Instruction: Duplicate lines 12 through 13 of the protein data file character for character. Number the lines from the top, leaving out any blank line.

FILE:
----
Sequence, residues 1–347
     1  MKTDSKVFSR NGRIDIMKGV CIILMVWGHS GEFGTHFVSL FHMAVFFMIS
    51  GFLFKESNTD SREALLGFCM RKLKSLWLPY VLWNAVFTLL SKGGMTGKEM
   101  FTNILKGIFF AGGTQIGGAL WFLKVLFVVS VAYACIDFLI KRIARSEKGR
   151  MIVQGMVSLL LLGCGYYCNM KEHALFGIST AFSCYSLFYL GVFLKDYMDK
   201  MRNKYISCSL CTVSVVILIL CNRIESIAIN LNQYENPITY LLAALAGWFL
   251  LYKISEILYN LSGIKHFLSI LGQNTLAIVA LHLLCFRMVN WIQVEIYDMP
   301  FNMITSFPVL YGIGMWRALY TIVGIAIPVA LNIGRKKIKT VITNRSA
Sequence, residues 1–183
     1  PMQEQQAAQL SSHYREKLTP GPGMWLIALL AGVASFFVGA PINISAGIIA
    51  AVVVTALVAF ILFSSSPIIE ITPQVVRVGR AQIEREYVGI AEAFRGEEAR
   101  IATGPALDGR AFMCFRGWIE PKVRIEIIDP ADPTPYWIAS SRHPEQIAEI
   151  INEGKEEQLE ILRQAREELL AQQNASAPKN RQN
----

   101  IATGPALDGR AFMCFRGWIE PKVRIEIIDP ADPTPYWIAS SRHPEQIAEI
   151  INEGKEEQLE ILRQAREELL AQQNASAPKN RQN